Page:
16. Maximum Entropy Markov Model • Use Maximum Entropy Approach to Model • 1st order • Features • Basic features (like parameters in HMM) • Bigram (1st order) or trigram (2nd order) in source model • State-output pair feature (Xk = xk,Yk=yk) • Advantage: incorporate other advanced features on (xk,yk)

  17. HMM vs MEMM (1st order) Maximum Entropy Markov Model (MEMM) HMM

  18. Performance in POS Tagging • POS Tagging • Data set: WSJ • Features: • HMM features, spelling features (like –ed, -tion, -s, -ing, etc.) • Results (Lafferty et al. 2001) • 1st order HMM • 94.31% accuracy, 54.01% OOV accuracy • 1st order MEMM • 95.19% accuracy, 73.01% OOV accuracy

  19. Different Models for POS tagging • HMM • Maximum Entropy Markov Models • Conditional Random Fields

  20. Disadvantage of MEMMs (1) • Complex Algorithm of Maximum Entropy Solution • Both IIS and GIS are difficult to implement • Require many tricks in implementation • Slow in Training • Time consuming when data set is large • Especially for MEMM

  21. Disadvantage of MEMMs (2) • Maximum Entropy Markov Model • Maximum entropy model as a sub model • Optimization of entropy on sub models, not on global model • Label Bias Problem • Conditional models with per-state normalization • Effects of observations are weakened for states with fewer outgoing transitions

  22. Parameters Model i b r 2 3 1 o b r 5 6 4 Label Bias Problem Training Data X:Y rib:123 rib:123 rib:123 rob:456 rob:456 New input: rob

  23. Solution • Global Optimization • Optimize parameters in a global model simultaneously, not in sub models separately • Alternatives • Conditional random fields • Application of perceptron algorithm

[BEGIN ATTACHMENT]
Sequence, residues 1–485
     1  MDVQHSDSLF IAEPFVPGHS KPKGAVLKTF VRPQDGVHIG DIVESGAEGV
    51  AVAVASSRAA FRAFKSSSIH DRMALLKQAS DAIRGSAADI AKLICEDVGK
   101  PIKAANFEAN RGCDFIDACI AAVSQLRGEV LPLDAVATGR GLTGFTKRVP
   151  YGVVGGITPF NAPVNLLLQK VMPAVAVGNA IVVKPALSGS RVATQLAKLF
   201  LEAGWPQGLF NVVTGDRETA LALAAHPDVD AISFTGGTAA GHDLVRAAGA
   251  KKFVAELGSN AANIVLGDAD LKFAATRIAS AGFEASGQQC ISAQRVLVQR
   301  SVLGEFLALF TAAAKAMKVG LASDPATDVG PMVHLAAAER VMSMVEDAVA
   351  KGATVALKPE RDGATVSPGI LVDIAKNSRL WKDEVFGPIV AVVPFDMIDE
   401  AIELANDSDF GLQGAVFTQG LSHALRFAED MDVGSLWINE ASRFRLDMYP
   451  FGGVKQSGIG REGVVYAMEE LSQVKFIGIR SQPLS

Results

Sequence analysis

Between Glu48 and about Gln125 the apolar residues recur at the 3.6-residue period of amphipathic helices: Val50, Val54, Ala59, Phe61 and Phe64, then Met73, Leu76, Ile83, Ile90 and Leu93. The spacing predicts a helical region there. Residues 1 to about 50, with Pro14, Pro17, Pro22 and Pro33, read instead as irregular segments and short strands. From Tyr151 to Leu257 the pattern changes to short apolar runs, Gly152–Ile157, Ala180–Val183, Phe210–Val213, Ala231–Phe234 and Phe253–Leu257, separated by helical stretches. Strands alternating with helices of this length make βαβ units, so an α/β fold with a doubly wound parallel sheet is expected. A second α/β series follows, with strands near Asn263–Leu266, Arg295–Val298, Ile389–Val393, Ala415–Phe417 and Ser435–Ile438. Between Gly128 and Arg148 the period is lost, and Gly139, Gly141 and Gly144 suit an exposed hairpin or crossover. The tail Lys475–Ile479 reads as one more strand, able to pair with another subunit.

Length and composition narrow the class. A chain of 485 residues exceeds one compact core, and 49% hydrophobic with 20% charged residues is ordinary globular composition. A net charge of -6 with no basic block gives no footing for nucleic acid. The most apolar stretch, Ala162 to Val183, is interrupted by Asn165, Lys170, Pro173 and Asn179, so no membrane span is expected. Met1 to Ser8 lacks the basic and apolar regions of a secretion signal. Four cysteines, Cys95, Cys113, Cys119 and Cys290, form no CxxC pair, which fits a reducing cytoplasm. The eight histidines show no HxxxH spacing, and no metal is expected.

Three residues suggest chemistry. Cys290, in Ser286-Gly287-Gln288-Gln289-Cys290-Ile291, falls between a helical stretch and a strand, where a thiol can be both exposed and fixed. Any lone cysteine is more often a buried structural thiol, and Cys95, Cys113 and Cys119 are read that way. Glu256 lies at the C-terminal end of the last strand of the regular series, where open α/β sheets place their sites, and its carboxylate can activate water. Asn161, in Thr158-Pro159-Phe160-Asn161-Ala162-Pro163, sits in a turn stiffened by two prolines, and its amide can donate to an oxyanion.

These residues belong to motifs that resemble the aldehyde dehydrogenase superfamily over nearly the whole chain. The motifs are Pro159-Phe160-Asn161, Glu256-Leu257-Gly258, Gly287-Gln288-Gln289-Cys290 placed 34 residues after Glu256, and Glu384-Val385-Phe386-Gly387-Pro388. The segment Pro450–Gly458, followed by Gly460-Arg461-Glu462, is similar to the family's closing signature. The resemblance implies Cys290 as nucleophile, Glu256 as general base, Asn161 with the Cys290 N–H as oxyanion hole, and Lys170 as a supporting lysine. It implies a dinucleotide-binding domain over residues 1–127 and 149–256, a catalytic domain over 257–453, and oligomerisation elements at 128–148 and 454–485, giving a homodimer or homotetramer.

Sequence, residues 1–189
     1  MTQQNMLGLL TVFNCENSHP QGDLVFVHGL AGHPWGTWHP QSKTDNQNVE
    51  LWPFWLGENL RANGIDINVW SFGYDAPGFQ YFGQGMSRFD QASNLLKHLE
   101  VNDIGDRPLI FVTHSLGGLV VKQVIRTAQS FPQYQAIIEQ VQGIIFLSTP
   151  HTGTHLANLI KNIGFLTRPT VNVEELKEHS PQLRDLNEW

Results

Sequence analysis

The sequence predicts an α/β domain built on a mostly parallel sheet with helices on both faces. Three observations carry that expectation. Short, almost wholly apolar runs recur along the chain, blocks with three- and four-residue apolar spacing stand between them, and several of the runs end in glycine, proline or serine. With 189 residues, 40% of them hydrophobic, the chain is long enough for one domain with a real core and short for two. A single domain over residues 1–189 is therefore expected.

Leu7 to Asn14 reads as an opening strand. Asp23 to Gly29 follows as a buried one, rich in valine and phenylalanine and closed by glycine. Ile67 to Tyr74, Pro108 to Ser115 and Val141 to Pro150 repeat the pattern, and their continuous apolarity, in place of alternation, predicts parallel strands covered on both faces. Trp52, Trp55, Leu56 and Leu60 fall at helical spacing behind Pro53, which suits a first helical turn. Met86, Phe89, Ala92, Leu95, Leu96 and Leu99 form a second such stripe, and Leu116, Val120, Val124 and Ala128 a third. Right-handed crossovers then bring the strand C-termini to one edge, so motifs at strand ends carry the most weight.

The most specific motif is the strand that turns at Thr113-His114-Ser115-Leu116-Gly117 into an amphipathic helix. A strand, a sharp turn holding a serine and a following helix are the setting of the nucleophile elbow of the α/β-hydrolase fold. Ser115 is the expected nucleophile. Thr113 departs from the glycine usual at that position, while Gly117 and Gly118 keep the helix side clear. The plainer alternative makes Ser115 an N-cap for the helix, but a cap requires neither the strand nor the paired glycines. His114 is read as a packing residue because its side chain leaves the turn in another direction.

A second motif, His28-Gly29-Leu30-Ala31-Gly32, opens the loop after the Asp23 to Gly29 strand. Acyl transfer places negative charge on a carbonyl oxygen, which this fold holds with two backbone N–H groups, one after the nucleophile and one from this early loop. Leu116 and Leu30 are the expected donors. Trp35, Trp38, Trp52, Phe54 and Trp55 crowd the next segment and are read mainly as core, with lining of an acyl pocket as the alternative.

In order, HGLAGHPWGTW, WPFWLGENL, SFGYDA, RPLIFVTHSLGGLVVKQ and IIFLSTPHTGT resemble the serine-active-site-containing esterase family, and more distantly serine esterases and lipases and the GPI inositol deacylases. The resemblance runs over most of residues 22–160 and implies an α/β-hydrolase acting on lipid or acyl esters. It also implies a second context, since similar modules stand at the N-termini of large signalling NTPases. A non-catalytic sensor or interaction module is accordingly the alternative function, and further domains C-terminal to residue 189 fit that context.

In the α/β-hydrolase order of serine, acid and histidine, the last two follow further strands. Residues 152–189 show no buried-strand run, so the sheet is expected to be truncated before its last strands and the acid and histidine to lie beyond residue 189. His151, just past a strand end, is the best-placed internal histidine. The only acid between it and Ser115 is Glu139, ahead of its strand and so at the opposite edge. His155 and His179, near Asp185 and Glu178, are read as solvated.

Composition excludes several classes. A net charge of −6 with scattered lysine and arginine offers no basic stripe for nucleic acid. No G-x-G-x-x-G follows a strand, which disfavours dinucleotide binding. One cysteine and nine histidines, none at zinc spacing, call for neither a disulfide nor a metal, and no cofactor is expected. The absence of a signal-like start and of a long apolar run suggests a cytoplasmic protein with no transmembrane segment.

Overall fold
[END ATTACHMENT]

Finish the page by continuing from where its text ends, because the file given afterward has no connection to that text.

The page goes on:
24. Conditional Random Field (CRF) (1) • Let • be a graph such that Y is indexed by the vertices • Then • (X, Y) is a conditional random field if • Conditioned globally on X

  25. Conditional Random Field (CRF) (2) Determined by State Transitions • Exponential Model • : a tree (or more specifically, a chain) with cliques as edges and vertices State determined • Parameter Estimation • Maximize the conditional likelihood of training examples • IIS or GIS

  26. MEMM vs CRF • Similarities • Both employ maximum entropy principle • Both incorporate rich feature information • Differences • Conditional random fields are always globally conditioned on X, resulting in a global optimized model

  27. Performance in POS Tagging • POS Tagging • Data set: WSJ • Features: • HMM features, spelling features (like –ed, -tion, -s, -ing, etc.) • Results (Lafferty et al. 2001) • 1st order MEMM • 95.19% accuracy, 73.01% OOV accuracy • Conditional random fields • 95.73% accuracy, 76.24% OOV accuracy

  28. Comparison of the three approaches to POS Tagging • Results (Lafferty et al. 2001) • 1st order HMM • 94.31% accuracy, 54.01% OOV accuracy • 1st order MEMM • 95.19% accuracy, 73.01% OOV accuracy • Conditional random fields • 95.73% accuracy, 76.24% OOV accuracy

  29. References • A. Berger, S. Della Pietra, and V. Della Pietra (1996). A Maximum Entropy Approach to Natural Language Processing. Computational Linguistics, 22(1), 39-71. • J. Lafferty, A. McCallumn, and F. Pereira (2001). Conditional Random Fields: Probabilistic Models for Segmenting and Labeling Sequence Data. In Proc. ICML-2001, 282-289.